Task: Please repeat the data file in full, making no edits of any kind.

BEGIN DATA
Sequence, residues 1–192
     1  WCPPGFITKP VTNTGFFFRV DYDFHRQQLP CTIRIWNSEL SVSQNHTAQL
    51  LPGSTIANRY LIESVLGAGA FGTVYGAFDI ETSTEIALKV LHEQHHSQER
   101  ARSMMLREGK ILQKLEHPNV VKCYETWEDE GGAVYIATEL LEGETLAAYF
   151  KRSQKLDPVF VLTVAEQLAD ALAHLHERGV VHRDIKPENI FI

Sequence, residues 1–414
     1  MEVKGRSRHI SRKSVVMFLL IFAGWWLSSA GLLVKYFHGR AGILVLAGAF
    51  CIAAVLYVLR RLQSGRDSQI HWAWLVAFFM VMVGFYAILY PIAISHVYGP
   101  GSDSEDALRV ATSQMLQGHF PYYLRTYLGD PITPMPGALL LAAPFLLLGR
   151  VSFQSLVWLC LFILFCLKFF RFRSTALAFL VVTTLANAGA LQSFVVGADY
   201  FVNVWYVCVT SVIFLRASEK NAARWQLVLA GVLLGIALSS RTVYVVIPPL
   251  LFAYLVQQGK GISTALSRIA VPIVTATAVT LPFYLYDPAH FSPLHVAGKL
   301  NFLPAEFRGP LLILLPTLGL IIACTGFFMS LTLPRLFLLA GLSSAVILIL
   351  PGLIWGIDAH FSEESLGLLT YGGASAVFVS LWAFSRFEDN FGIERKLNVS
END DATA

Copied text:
Sequence, residues 1–192
     1  WCPPGFITKP VTNTGFFFRV DYDFHRQQLP CTIRIWNSEL SVSQNHTAQL
    51  LPGSTIANRY LIESVLGAGA FGTVYGAFDI ETSTEIALKV LHEQHHSQER
   101  ARSMMLREGK ILQKLEHPNV VKCYETWEDE GGAVYIATEL LEGETLAAYF
   151  KRSQKLDPVF VLTVAEQLAD ALAHLHERGV VHRDIKPENI FI

Sequence, residues 1–414
     1  MEVKGRSRHI SRKSVVMFLL IFAGWWLSSA GLLVKYFHGR AGILVLAGAF
    51  CIAAVLYVLR RLQSGRDSQI HWAWLVAFFM VMVGFYAILY PIAISHVYGP
   101  GSDSEDALRV ATSQMLQGHF PYYLRTYLGD PITPMPGALL LAAPFLLLGR
   151  VSFQSLVWLC LFILFCLKFF RFRSTALAFL VVTTLANAGA LQSFVVGADY
   201  FVNVWYVCVT SVIFLRASEK NAARWQLVLA GVLLGIALSS RTVYVVIPPL
   251  LFAYLVQQGK GISTALSRIA VPIVTATAVT LPFYLYDPAH FSPLHVAGKL
   301  NFLPAEFRGP LLILLPTLGL IIACTGFFMS LTLPRLFLLA GLSSAVILIL
   351  PGLIWGIDAH FSEESLGLLT YGGASAVFVS LWAFSRFEDN FGIERKLNVS